I am not ‘sus’

How I blend in among the youngsters


“Ageism” by Evan Kam.

Breathe. Just breathe. You are going to fit in just fine. Don’t try too hard.

I keep telling myself this every time I walk into a classroom filled with new faces at the beginning of a new semester.

Looking at all the young faces is hard. In my head, I guess how young they are. Being 40 years of age, I am old enough to be their mom, at least some of them.

It takes a lot of courage for me to walk into a new classroom. 

Being an older returning student has its challenges. For me, the hardest part is trying to blend into the younger generations.

For example, when they talk about the latest news on pop culture, they use trendy slang like “slay,” “lit” and such, instead of using the plain, old-school “awesome” to describe something that is impressive. I can guess the meaning of some terms but for others, I often have no idea, as my slang vocabulary is an archive from the ‘90s.

When they talk about things that sound like alien language to me, I try to pretend that I understand the conversation, but in reality, I don’t have a clue. If I can’t make a convincing expression, I pretend I’m not paying attention to the conversation at all, while praying they skip past me and move on.

Another topic I try to avoid would be music. Sorry, but I don’t listen to Bad Bunny, Doja Cat or Megan Thee Stallion. I am from the boy-band era. I can name all five of the Backstreet Boys. I can also talk about TLC, Pink, Matchbox Twenty and Gwen Stefani.  But I don’t know Latto’s newest rap song. 

Every little joke that I don’t get, every trendy term that I don’t understand and every song or singer that I don’t know, all serve as a reminder that I am out of sync. 

But that is only part of the struggle. 

Other than being self-conscious about my age, another challenge is dealing with the pressure – especially from my family. Although they are supportive, I can still sense the worry they have even though they try not to show it. They think I would never be able to get a professional job and make a living to support myself, ever.

My parents have worked hard to get to where they are now. They immigrated to a new country to give their children the chance to have a better education, a good job and a happy life.

Traditionally, after graduating high school, people go to a university or community college. Then after finishing college in their 20s, they begin establishing their careers in their 30s, build a family and live a life with a steady income as lives go on.

But not for me. I have switched between multiple schools, majors and careers. 

I went from being a history major to working as an accounting clerk, then attending a pastry school to becoming a confectionary chocolate commis and working in another country. Eventually, I came back to the U.S. to study business management but ended up earning a degree in early childhood education instead.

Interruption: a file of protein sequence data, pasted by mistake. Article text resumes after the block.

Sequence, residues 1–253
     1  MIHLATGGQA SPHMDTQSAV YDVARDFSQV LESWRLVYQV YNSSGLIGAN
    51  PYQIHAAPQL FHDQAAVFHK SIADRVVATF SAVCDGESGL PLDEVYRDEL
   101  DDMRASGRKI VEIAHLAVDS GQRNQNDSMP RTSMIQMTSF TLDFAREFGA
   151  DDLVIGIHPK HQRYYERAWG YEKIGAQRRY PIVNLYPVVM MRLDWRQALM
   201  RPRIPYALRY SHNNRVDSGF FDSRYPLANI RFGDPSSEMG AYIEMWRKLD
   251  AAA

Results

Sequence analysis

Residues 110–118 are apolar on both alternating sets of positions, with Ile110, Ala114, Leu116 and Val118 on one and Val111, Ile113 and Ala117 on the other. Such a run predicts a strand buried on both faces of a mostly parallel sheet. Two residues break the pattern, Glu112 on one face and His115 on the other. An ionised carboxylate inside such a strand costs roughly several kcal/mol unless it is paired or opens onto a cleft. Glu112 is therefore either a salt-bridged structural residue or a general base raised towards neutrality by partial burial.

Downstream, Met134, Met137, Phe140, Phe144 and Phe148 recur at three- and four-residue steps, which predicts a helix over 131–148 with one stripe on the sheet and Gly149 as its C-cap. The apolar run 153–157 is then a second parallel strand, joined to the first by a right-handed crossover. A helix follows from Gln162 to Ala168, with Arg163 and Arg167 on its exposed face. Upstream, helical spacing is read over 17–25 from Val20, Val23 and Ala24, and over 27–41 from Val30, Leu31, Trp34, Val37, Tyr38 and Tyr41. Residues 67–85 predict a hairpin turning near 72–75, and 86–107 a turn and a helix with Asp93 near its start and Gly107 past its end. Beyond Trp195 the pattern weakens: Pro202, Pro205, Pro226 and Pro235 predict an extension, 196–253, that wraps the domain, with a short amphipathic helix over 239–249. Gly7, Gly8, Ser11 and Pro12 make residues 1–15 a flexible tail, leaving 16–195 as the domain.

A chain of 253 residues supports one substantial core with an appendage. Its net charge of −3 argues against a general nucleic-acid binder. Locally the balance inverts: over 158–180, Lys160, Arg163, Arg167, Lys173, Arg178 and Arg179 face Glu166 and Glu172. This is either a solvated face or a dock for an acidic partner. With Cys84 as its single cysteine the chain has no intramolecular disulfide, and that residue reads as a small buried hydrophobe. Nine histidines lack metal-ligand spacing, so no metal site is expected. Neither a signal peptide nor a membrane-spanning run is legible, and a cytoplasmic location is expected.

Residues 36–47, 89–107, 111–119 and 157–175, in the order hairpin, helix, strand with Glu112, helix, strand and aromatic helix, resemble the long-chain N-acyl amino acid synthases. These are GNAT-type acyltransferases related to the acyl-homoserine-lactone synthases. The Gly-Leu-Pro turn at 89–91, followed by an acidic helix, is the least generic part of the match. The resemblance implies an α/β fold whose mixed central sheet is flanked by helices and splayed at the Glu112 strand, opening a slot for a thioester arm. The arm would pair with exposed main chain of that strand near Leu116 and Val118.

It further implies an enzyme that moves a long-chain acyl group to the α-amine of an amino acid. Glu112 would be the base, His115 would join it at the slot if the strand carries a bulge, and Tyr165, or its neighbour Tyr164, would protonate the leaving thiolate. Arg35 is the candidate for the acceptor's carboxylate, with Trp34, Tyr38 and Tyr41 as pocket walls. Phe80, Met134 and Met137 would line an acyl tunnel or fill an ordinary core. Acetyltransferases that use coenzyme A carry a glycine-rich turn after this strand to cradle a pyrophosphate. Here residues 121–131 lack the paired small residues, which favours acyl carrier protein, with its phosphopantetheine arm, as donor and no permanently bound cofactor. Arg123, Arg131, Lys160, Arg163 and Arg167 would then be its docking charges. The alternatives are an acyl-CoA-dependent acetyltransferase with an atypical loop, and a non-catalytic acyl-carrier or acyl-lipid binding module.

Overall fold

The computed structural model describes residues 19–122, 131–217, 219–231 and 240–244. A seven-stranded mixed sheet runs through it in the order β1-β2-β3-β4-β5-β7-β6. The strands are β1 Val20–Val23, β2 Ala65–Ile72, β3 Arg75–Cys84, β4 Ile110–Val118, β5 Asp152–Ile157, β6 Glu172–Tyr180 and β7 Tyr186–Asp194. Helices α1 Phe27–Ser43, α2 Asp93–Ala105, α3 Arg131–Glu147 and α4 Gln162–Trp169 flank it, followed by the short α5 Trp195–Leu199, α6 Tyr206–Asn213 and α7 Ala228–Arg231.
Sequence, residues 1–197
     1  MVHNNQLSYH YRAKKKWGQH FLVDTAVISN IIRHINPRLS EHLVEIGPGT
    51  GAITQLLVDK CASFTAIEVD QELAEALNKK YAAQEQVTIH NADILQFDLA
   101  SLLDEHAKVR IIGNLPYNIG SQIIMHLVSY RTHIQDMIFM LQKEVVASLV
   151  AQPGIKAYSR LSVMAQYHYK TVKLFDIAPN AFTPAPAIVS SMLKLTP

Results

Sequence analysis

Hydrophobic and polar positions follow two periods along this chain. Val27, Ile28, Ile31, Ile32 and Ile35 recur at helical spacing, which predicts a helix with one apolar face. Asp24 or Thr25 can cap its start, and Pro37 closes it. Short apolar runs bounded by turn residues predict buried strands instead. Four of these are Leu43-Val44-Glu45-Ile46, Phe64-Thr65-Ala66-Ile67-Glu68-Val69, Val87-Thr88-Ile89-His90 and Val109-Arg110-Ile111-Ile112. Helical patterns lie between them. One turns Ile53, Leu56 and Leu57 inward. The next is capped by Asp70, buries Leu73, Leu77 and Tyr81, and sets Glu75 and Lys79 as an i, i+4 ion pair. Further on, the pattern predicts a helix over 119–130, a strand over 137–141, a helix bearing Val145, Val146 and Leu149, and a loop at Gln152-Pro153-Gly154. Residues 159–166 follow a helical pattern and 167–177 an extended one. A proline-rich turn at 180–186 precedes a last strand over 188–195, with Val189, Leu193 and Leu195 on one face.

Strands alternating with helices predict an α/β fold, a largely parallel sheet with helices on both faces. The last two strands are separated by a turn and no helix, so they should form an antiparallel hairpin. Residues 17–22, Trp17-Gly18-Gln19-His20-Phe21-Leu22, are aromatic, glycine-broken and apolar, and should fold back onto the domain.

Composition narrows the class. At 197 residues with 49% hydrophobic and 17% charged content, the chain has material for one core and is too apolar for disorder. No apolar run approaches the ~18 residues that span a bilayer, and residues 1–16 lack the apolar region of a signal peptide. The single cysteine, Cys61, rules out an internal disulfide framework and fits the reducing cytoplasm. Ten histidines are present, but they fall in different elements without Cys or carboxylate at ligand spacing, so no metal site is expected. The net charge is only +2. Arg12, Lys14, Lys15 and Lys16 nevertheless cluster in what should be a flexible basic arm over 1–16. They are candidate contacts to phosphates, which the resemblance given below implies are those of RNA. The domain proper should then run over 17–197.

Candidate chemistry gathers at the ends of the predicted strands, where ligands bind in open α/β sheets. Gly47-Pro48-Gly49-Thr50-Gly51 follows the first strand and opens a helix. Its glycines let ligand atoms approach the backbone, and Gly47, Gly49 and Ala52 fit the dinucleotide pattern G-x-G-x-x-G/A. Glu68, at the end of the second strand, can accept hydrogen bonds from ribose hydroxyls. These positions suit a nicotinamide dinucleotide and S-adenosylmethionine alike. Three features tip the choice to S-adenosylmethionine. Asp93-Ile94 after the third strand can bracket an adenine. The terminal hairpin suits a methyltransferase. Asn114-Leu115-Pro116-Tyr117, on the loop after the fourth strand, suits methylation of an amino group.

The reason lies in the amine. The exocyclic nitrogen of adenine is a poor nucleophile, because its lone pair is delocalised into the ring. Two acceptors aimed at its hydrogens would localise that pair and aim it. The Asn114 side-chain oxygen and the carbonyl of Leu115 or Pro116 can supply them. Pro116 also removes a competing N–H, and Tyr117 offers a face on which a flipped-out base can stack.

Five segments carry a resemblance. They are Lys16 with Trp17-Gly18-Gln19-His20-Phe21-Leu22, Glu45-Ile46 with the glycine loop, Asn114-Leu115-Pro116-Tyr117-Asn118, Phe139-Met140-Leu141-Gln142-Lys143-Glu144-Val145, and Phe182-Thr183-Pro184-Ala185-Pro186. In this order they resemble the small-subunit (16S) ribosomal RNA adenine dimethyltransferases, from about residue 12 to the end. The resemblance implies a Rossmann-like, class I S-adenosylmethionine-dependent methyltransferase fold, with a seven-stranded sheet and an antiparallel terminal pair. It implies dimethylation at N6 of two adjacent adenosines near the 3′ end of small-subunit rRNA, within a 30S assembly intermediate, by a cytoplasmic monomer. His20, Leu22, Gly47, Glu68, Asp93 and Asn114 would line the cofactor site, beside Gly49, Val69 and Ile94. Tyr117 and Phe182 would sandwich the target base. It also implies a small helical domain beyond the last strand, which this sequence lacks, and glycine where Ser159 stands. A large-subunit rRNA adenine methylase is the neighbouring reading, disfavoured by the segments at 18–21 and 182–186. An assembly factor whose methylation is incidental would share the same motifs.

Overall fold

After all of that, I decided to return to college AGAIN, and the academic journey started once more.  

According to the U.S. Department of Education’s study, about 30% of undergraduate students changed their major at least once within three years of initial enrollment, in both associate and bachelor’s programs.

I might have overdone it, but I was never taught how to figure out my strengths and match them up with the right major until I took a career and life planning counseling class. Journalism was a match. 

So I want to prove that this time, I made the right decision. I CANNOT let my parents and myself down this time around because time is not in my favor. I don’t want my parents to have to worry about me anymore. I have my back to the wall. The pressure to excel and not fail created fear and doubt that this is yet again another bad decision and I am bound to fail is a feeling hard to describe.

But the sense of this is IT, I am back on track with how things are supposed to be – transferring to a four-year university for a bachelor’s degree, getting a job with a decent income and being able to support myself is also inevitable. 

Aside from feeling old, stressed and pressured, there are some positives. For example, I have a better mindset and right mentality now compared to when I was much younger. I am more determined and less distracted than ever to reach my academic goal.

Based on a report by Lumina Foundation, “Nearly three-quarters of the returning adults surveyed earned a postsecondary credential and most who hadn’t still planned to do so.” 

I have a clearer sense of what I wanted to accomplish. Returning to college again IS my chance to change something in my life, for the better. I am not going to let anything get in the way, no matter how hard or challenging it gets. 

I no longer have the energy or the memory span like when I was in my 20s. I can no longer stay up late or skip sleep and still have the energy to function as if it is just another day. Staying up for 24 hours would take me a week to recover nowadays. But my determination is no less. 

Because I can’t afford to lose with everything on the line.

So even though many years have passed since I first attended college, I believe I have finally found the path I wanted to move on in life.

According to a report from California Community College, using data based on the 2019-2020 academic year, 52% of California community college students are traditional age – between 18 to 24 years old, and 48% are adult students – 25 years old or older. 

So I am actually not alone in a classroom filled with Gen Zers.

Education changes lives. The eagerness to learn and pursue to be better should not be stopped and discouraged because of age. It is indeed just a number, don’t let it become a barrier that stops you from getting more out of life.